What that means is that means your common person cannot understand Genesis one, but, uh, if, if those other views are true. But one of the, one of the hallmarks that we’ll argue going back to especially the great Reformation, is that s is easy to understand, at least in general stories and in the main ideas.

Now, of course, as you get into the Bible, you know, there are always scriptures that are difficult to deal with, uh, especially into the prophecies, for example.

But Genesis one and two seem to be pretty straightforward. Uh, another thing that we should point out about this view is the meaning of the word day. ’cause you know, after all, we have these seven days in Genesis one. Uh, the Hebrew term for this is yam, and this idea of yam, which you actually see, it’s described as being an evening and a morning each day. In fact, we have the creation of day and night on the first day. But this is a term that those who argue for a literal understanding of Genesis will say means a regular day or essentially a 24 hour day.

Now, it is true the seventh day doesn’t have the same language. It seems to go on, so to speak, but the seventh day is when God rest, and so his rest from creating, uh, that rest never ends.

It goes on forever, would be the idea there from this view. Another thing we should note is that the New Testament alludes to the creation as being a literal and a real event. So in Matthew 19 four, or in Ephesians 5 31, or in one Corinthians six 16, all of those verses we have, uh, an illusion from the writer either Matthew or Paul in these cases to the creation of Adam and b, Adam and Eve almost at Evan, be there, sorry, to Adam and Eve being actual historical characters, or for example, in Mark two verse 27, uh, we have Mark telling us, well, actually the words of Jesus the Sabbath was made for man referring back to that initial creation of the Sabbath.

Rest on the seventh day, John 8 44 refers back to the deceit the serpent caused in the garden. And of course, Romans 5, 12 20 specifically deals with the fall of Adam, with the fact that because Adam’s sinned, we are all affected by it. And then of course, deals with the fact that Christ is the new Adam, and that because Christ has risen from the dead and has lived a sinless life, we can all rise with him.

In other words, when you take this kind of literal view, death does not actually occur until after the fall. We’re gonna see in the other views. One of the issues you have to deal with is could there be death, say for example, animal death before the fall. This also comes up when you look at a verse like, uh, Romans eight 20 through 22, which talks about how the creation, uh, has been subjected to futility, how it is groaning, how it is waiting for the full redemption.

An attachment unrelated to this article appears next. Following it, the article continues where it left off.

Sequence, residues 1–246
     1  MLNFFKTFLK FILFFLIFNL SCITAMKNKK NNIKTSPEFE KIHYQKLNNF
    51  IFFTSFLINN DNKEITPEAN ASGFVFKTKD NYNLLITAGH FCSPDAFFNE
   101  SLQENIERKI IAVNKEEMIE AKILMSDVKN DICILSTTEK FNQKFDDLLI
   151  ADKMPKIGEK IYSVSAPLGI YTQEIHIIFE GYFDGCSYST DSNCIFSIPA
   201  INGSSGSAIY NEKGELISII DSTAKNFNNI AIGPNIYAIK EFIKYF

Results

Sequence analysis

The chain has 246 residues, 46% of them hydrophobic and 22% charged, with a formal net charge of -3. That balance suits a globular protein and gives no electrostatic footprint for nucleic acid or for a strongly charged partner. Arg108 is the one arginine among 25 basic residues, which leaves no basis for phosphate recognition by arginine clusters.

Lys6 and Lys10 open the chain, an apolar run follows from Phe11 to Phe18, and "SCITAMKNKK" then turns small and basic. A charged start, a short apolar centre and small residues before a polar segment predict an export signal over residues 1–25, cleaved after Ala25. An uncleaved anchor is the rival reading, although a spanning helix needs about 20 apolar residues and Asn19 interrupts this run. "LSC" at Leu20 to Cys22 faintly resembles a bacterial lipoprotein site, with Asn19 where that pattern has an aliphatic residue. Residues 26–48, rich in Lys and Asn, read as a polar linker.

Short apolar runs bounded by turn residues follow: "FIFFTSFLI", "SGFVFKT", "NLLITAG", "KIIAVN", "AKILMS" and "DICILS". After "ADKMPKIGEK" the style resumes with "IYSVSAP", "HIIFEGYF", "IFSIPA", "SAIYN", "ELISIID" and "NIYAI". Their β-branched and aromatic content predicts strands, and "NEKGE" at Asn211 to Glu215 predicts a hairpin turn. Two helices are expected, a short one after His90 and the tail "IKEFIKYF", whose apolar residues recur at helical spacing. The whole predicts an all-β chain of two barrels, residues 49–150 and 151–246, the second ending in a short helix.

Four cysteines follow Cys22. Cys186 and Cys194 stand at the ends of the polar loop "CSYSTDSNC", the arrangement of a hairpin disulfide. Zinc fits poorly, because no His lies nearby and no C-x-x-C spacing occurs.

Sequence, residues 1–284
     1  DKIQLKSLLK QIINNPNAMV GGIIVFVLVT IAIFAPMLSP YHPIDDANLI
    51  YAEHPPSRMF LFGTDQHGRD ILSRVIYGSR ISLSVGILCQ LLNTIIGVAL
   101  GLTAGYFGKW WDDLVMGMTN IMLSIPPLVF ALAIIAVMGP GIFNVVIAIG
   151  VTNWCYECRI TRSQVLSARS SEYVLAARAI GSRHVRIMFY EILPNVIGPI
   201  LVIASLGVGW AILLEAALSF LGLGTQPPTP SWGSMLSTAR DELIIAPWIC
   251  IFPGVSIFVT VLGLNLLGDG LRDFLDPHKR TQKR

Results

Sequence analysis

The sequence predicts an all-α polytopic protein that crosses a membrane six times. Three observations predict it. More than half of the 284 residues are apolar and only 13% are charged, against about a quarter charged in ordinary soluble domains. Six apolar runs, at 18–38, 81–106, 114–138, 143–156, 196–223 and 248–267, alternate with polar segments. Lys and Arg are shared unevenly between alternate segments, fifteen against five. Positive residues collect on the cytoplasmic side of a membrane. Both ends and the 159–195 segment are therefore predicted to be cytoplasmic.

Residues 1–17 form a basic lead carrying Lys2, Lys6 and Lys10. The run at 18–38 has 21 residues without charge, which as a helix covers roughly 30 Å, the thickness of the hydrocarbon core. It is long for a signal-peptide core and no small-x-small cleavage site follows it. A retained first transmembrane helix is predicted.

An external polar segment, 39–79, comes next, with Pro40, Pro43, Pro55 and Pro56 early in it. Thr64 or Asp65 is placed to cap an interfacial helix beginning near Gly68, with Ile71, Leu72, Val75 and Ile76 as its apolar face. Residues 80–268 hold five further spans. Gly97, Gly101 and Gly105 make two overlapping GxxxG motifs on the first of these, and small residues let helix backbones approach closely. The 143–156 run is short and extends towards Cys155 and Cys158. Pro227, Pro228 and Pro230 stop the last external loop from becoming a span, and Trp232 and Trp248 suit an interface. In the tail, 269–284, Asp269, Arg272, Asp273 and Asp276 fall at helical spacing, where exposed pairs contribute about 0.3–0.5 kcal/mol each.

Uh, according to this view, this is the view that I’m going to argue from that would take, that would consider Genesis to be the actual account of what happened. This is also a view that was held by church fathers such as, uh, basil and Ambrose. It was held by medieval theologians such as Thomas Aquinas and Peter Lombard. It was held by the great reformers such as Martin Luther and John Calvin and Theodore Bezo was held by, uh, later reformers Puritans, uh, like John Owen and Jonathan Edwards was also the only view that the Westminster Assembly, the Westminster Divines, all these pastors who got together to make the Westminster, uh, confession of faith.

It was the only a view that they actually, uh, spoke or talked about in all of their writings. The other thing we should point out before we move on is this is a view that essentially says that modern science with all of its findings, all of its data has to fit within what genesis actually records.

In other words, it doesn’t look to modern science as a method to interpret Genesis based upon the data of modern science, because data, as we’re going to see, or as you should know, is never completely neutral. Data is something that yes, it is data, you can tell, well, we found this here and we found it at this level, uh, in the earth and so forth.

But the thing about data is data can be interpreted and we have to actually determine how do we actually figure these things out. And of course, these are questions that are enormous questions, questions that we can only begin to scratch a surface on in a history program like this.

But I should point out before we move on to the next age, I’ll just quote Douglas Kelly again. He says that a theology wed to the science of one age, meaning if you take the current science and use that to interpret Genesis, he says it’s a widow. In the next meaning that science is always changing, especially we’re gonna see dating is always changing because we’re always discovering new things. And the current system for how we date things usually causes Us to have to say, well, how does This fit in in our current system?